Impossibility and Tokyo’s Boris share the commonality of slow evolution into reality along with the respect that time, ever-so-slowly, crushes concrete into sand. The trio washes its twenty-five years of shape-shifting and hallucinogenic leaps between style and genre over Dear’s hour-long majesty and madness.
“D.O.W.N. -Domination Of Waiting Noise” might be an opening track so cruel in its beats-per-hour (BPH) crawl that it should carry a disclaimer: “Warning – contains actual recordings of glaciers gouging out valleys in towering mountain ranges.” Waiting for noise becomes a wait for anything to occur, until deep into the sludge you realize that you have been pulled into a trance by three shamans trampling your sensibilities like grapes.
Boris’ Takeshi, Wata and Atsuo are the singular nom de dooms of outlier metal that combines outrageous disrespect and brain-deadening magnificence for its listeners. With Wata’s arc-welding guitar on “Deadsong” cudgeled within the thorny imbalance of sound-curtains turning to stone that Takeshi imposes with guitar and doubled-bass, Boris of years back rekindle their greatness.
Dear is carved out from several albums worth of material, a rethink of “AbsoluteGo” and the hints of sparkle in the anthracite densities of “The Power” signal memories of Heavy Rocks and Akuma No Uta (a reference to the boss demon in CapCom’s Street-Fighter game). Akuma doesn’t sing, but the devil of beatdown lives in the hammer blows of Atsuo’s drums and sin in the exquisite cymbals.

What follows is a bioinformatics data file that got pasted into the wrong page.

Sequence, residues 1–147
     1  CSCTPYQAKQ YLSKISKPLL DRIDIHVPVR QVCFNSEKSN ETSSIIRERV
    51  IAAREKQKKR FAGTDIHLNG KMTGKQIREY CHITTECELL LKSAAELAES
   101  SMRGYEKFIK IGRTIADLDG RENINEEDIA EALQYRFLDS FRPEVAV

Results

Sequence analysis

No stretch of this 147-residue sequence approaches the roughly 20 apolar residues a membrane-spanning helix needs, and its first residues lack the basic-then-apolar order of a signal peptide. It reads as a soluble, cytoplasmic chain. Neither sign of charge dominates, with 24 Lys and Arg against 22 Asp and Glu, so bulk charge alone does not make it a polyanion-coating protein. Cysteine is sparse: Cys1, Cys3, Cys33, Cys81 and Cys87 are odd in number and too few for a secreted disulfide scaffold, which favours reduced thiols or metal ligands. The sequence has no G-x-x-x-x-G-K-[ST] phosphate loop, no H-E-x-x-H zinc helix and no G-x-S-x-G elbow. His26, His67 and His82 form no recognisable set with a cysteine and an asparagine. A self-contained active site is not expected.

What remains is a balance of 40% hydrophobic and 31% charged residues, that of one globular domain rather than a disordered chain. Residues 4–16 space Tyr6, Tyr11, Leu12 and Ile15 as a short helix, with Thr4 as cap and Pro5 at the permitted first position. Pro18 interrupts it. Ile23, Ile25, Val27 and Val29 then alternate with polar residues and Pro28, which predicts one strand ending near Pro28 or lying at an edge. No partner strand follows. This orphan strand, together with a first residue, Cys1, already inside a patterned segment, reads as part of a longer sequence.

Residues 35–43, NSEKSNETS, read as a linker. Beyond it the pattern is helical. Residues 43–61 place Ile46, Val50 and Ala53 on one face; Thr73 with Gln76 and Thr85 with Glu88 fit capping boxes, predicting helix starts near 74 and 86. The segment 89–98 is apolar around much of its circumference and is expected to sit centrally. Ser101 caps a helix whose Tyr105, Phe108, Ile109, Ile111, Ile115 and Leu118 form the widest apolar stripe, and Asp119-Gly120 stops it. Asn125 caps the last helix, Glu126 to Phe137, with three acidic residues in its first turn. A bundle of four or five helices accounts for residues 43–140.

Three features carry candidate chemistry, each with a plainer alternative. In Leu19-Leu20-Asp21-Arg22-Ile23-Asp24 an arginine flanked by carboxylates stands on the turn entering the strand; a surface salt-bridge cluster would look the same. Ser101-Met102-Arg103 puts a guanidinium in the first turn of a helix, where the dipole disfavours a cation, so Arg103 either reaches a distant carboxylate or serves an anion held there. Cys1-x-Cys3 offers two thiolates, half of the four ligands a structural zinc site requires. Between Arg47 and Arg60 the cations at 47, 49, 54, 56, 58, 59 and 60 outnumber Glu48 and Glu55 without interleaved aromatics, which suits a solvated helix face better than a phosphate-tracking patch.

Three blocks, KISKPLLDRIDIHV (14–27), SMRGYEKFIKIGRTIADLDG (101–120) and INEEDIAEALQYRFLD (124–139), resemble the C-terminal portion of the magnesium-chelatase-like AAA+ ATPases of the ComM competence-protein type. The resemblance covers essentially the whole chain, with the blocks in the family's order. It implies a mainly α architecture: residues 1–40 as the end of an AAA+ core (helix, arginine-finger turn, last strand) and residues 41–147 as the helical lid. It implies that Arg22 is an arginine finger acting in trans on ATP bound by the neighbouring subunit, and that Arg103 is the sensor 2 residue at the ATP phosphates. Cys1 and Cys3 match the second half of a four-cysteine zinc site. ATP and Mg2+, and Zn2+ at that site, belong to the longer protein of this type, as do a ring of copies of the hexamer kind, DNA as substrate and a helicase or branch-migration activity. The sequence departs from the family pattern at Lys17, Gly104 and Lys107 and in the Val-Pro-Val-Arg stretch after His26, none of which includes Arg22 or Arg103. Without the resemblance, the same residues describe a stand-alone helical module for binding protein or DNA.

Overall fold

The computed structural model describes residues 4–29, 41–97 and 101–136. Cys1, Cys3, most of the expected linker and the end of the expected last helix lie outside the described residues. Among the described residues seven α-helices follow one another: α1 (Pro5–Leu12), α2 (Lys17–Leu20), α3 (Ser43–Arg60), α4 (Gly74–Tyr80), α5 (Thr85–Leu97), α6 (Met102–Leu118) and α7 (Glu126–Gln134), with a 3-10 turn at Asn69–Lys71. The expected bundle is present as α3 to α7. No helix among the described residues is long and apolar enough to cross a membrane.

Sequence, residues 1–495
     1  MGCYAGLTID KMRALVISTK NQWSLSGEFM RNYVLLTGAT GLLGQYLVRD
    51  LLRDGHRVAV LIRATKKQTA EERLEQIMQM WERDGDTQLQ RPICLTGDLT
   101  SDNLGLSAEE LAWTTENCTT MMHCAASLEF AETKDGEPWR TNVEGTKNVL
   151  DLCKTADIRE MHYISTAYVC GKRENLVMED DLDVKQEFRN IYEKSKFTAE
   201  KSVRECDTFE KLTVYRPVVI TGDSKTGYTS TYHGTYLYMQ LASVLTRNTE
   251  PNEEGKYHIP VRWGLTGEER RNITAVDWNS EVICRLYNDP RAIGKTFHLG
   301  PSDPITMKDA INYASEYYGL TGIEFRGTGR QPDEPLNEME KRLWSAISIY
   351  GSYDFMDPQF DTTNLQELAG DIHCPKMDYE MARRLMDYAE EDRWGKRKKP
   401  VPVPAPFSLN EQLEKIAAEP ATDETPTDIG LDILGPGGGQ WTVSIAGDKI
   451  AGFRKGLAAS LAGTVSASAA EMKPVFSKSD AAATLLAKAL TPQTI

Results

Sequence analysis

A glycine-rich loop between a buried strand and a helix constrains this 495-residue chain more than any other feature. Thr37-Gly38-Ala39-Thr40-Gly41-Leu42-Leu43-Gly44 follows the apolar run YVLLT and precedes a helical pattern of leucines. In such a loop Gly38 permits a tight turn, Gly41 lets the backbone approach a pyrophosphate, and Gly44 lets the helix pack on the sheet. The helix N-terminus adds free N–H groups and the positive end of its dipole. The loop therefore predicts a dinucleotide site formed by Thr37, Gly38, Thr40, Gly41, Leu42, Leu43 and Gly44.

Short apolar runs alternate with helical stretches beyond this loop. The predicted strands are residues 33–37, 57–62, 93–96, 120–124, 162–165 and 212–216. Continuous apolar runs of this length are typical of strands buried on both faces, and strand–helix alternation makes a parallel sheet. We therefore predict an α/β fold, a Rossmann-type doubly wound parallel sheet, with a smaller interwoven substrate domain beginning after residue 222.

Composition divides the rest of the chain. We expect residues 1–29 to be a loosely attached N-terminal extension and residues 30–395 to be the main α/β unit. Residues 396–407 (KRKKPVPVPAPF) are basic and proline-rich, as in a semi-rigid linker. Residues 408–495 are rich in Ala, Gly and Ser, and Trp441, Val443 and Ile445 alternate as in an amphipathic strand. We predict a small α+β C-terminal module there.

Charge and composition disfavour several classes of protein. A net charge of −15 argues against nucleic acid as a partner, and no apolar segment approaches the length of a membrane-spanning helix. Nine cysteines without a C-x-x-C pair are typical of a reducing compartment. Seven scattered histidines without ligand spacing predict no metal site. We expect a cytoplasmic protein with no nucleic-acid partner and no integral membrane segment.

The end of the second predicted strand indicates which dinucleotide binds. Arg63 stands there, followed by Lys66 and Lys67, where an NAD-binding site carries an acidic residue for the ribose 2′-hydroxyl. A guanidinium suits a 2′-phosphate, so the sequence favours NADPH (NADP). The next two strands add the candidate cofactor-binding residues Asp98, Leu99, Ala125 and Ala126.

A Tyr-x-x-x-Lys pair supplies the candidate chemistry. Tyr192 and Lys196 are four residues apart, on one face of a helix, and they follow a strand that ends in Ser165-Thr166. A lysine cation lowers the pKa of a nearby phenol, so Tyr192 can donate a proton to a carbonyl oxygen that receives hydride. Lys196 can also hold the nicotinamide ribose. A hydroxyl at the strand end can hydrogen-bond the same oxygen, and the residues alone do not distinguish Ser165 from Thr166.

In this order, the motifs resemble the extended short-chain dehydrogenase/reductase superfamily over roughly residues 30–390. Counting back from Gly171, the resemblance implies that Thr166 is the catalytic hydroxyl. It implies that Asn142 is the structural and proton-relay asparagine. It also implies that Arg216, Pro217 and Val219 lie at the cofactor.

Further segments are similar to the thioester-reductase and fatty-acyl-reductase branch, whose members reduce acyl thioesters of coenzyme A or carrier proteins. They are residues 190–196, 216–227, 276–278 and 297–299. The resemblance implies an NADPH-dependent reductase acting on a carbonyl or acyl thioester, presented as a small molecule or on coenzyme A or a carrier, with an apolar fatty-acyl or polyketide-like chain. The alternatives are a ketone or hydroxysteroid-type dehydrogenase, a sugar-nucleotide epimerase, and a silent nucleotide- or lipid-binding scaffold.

Evil in intent but as artistic as a H.R. Giger illustration, Dear is Sunn0))), Sleep and Sigh in slogging dream states. It is difficult to imagine that two chords in nine minutes can destroy the soul and enlighten the mind, but Boris have never been less than imaginative.
As the smog and doom-haze parts, a masterpiece epoch of heavenly transformation, “Memento Mori,” arises from the ocean like a metal Magog. Beautiful as a multi-hued bruise, “Memento Mori” is drug-sick junkie dreaming of opioid treasure in its stealthy tug of desire embedded in the beauty of vice. By far Dream’s finest hour crunched into its economic 4:40 span, it is a lesson taught by senseis of how far magic can expand music.
(released July 14, 2017 on Sargent House Records)